Portugal’s Prime Minister António Costa resigned Tuesday amid a police probe into suspected nepotism and corruption.
Police arrested the PM’s chief of staff Vítor Escária, along with Lacerda Machado, a businessman close to Costa, and at least three others.
A team of 140 detectives continued to search the Socialist Party PM’s official residence, along with the infrastructure and environment ministries.
These raids formed part of a four-year investigation by Portuguese prosecutors into alleged wrongdoing in the hydrogen and lithium industries.
Costa may have been involved in granting operating rights and contracts for green hydrogen and lithium mining projects. Portugal has Europe’s largest supply of lithium. A critical raw material, it is used in a range of technologies, including electric car batteries.
Costa said he was caught by surprise by the corruption investigation but promised to collaborate.
“As always, I have full confidence in justice and its functioning,” he said on Tuesday.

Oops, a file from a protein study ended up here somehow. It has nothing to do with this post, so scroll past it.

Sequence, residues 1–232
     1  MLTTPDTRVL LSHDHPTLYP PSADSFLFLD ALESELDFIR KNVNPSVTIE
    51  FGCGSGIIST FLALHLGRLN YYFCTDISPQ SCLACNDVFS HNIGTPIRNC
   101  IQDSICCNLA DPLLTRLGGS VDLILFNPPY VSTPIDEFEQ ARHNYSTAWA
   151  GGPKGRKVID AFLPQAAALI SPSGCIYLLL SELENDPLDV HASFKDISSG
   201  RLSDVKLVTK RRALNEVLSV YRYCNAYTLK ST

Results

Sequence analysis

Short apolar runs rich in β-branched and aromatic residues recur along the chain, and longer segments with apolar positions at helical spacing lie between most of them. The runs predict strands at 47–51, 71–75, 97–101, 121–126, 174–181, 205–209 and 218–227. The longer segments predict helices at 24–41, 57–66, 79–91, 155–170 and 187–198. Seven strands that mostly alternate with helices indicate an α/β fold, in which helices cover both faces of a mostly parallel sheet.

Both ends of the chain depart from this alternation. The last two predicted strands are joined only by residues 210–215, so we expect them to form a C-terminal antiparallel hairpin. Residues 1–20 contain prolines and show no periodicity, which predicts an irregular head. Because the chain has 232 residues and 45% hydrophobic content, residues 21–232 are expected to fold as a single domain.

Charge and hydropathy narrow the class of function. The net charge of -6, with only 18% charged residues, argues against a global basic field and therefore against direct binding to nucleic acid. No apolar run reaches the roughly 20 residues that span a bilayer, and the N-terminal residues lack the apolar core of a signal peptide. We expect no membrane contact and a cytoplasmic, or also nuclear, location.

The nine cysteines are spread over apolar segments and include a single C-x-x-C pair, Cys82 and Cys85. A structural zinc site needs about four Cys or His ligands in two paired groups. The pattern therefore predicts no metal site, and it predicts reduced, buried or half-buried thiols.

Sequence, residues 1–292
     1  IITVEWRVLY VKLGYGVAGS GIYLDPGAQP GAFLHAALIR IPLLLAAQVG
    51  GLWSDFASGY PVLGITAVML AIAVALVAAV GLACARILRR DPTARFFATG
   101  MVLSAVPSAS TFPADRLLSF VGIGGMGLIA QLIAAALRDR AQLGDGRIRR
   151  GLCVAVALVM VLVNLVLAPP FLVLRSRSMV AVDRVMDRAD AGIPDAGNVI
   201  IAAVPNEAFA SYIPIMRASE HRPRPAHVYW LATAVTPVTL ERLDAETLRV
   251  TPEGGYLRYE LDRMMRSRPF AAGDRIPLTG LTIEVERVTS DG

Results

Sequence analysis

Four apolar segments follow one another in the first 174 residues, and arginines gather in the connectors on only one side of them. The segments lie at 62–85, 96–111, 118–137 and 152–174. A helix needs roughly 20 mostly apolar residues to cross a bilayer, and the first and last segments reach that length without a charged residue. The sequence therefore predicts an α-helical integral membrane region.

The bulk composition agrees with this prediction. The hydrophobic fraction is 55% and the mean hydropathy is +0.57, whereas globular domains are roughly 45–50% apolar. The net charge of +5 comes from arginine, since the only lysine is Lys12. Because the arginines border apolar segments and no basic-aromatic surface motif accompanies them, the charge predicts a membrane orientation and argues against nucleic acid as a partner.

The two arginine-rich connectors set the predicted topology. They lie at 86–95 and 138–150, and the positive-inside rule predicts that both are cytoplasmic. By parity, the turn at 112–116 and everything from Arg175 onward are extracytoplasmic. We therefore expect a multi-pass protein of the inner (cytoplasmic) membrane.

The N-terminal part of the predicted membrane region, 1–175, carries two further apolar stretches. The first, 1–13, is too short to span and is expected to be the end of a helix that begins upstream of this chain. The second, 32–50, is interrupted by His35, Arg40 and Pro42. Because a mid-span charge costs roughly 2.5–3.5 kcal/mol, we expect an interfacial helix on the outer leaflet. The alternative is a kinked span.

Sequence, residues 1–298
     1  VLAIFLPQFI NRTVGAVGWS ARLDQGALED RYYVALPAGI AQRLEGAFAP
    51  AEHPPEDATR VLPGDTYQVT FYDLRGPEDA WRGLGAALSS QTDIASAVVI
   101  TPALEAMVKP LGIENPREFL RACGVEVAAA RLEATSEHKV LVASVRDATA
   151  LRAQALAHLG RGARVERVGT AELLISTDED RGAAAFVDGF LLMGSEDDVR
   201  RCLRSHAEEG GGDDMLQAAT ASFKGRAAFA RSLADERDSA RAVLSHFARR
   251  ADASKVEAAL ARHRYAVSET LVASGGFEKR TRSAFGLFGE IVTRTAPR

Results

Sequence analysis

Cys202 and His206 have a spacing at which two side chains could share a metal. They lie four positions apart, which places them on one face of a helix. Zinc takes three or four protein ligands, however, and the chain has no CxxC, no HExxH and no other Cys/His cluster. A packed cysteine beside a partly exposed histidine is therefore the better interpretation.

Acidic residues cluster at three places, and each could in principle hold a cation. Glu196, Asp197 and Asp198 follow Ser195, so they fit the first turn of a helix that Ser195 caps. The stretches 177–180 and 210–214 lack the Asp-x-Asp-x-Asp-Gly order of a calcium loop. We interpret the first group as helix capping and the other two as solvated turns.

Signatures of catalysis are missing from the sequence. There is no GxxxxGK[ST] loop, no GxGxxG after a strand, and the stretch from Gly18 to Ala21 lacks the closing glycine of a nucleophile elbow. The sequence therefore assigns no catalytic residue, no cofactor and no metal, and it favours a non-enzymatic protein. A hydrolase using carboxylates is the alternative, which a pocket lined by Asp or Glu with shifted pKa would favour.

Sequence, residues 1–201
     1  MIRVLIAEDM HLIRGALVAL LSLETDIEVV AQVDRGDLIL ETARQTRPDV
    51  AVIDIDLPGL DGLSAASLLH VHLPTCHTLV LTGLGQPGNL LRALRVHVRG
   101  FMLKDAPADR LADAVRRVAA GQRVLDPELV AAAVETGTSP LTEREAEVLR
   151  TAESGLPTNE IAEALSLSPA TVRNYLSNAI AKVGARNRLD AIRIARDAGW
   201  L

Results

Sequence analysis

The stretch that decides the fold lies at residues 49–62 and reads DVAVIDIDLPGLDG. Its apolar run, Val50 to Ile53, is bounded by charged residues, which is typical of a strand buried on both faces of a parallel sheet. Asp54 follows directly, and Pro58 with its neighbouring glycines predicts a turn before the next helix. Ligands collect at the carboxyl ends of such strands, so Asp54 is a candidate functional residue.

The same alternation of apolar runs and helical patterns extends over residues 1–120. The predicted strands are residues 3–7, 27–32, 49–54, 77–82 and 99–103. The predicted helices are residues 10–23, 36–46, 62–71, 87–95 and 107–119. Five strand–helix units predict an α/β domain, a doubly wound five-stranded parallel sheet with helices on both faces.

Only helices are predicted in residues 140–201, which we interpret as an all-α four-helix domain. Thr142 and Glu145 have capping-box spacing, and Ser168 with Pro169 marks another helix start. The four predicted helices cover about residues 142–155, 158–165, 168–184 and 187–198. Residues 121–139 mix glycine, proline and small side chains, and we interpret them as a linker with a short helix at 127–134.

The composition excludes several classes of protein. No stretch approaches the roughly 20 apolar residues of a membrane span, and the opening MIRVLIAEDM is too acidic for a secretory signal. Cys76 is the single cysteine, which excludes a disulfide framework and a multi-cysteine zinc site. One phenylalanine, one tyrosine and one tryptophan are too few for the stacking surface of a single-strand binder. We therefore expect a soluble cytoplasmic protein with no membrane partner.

“However, I understand that the dignity of the office of prime minister is not compatible with any suspicion regarding integrity, good conduct and, even less, with the suspicion of any criminal act,” Costa added.
Prosecutors are investigating how lithium concessions were awarded by the government in the Romano (Montalegre) and Barroso (Boticas) mines. They are also exploring a hydrogen-based power plant project in Sines, and a data centre in the Sines industrial zone.
The attorney general’s office said it was also investigating João Galamba, the minister for infrastructure, and Nuno Lacasta, chairman of the board of the Portuguese Environment.
The two were being investigated for alleged influence peddling, malfeasance, and active and passive corruption by a political office holder, said the public prosecutor’s office.
The European Union calls lithium a pivotal element in Europe’s transition towards digital, energy-efficient, and climate-neutral economies. The mineral is key to achieving Paris Agreement goals.
The European Commission has distributed billions of euros of subsidies to the lithium industry in Europe.
Breaking: Portugal's government is about to fall because of a widening Green Hydrogen scandal.
I thought they'd figured out a way to get around the laws of thermodynamics that show Green H2 is awful, but you're telling me this whole time it was just old school corruption? pic.twitter.com/hiGIaFgMBj
— Mark Nelson (@energybants) November 7, 2023